On 5 November 2018, the European Commission and the Government of the Canary Islands co-hosted the 2nd Clean Energy for EU Islands Forum in Lanzarote. The event was organised with the support of the EU Islands Secretariat.
If you weren't there and would like to play back the panel discussions, you can find them here:
Pictures and further materials around the Forum are available below.
The Forum in a nutshell
Set on the beautiful island of Lanzarote, the 2nd Clean Energy for EU Islands Forum created a better understanding of and between the various actors of the clean energy transition on Europe’s islands, and their ambitions.
The conclusion: Island communities have made great strides on the clean energy transition to date, and there are more technologies and support mechanisms available than ever - the focus now must be to accelerate their energy transitions. The key to success: involving stakeholders across all levels of the island community in the process, from citizens and local businesses up to local and regional authorities. By being the architects of their own energy transition, islands can not only transform their own communities, but become role models for Europe as a whole.
No time to lose
Island networks at the Forum highlighted the urgency for Europe’s islands to transition to clean energies, stating that climate change has started to show at their doorstep and particularly small islands are already struggling for survival.
The European Commission’s Director General for Energy, Dominique Ristori, reinforced the need to accelerate the energy transition, and emphasized the importance of making the energy system more accessible for citizens.
Support for islands is at hand
The EU Islands Secretariat launched a call for expression of interest at the Forum. Islands interested in receiving support to plan their energy transition can send their application by 15 January 2019.
How to get it right
One of the key success factors to the development of renewable energy projects mentioned throughout the Forum was the need for such projects to be community-owned, and supported by different stakeholder groups. The experience of islands is that the majority people want clean energy, and that there is a need for local authorities to support their citizens in this undertaking. Some of the islands who already started or who are well advanced in this process showed how a bottom-up approach had enabled them to advance clean energy projects faster and more effectively than they would have been able to do otherwise.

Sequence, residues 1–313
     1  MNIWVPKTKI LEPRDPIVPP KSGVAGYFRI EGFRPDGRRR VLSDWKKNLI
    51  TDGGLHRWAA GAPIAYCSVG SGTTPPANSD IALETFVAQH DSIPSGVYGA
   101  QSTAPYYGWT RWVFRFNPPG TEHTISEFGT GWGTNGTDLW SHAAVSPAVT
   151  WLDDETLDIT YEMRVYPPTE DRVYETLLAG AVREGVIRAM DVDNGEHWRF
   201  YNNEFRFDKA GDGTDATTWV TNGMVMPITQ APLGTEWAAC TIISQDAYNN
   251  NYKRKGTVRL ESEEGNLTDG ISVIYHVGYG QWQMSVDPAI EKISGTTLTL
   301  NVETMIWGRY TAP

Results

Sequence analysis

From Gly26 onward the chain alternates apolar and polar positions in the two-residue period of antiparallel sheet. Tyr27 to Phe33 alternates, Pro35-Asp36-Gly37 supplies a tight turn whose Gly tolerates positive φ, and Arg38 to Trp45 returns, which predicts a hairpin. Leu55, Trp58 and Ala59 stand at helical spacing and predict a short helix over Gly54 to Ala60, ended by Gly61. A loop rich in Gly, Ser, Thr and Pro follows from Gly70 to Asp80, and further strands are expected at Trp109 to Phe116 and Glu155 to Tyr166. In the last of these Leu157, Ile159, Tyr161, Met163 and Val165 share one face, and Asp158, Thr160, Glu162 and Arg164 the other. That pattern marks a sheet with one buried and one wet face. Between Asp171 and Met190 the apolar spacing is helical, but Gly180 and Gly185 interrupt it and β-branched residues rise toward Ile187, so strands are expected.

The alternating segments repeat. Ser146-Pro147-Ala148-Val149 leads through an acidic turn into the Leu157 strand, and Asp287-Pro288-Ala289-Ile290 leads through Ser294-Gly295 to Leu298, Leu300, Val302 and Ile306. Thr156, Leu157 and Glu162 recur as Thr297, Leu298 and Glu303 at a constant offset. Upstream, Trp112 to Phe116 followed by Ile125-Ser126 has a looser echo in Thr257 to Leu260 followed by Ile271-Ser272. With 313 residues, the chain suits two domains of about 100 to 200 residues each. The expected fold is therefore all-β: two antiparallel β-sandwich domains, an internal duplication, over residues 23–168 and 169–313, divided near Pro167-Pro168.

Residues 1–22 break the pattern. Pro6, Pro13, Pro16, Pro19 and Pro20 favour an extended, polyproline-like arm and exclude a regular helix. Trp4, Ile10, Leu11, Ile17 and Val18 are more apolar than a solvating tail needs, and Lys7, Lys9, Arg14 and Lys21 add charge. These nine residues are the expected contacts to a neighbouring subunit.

Education was further emphasized as key to a sustainable energy transition. First, as an enabler to achieve the shift in mentalities required for the energy transition, in both for adults and children. Second, as many islands lack skilled workers in the field of clean energies and often have to import the expertise, there is a need for training people on islands in order for them to be able to carry out the technical work around the transition and retain the benefits in the local economy. This would also make the islands more attractive as a workplace, and counter the current trend of people leaving the islands due to a lack of employment opportunities.
Various technology solutions available for islands were presented and discussed at the Forum, showing the wide array of opportunities in the clean energy transition.
The journey has only just begun
Islands from all geographic areas highlighted the need for creative solutions to make the energy transition cost-effective on Europe’s islands, pointing to the challenge that energy monopolies in some countries currently don’t leave room for new actors wanting to enter the market with new ideas.
It was fantastic to see the high level of enthusiasm for the clean energy transition on EU islands across all stakeholder groups from all levels of governance at the Forum. The Secretariat would like to thank all participants for their invaluable contributions, we look forward to strengthening the collaboration and conversations in the coming months!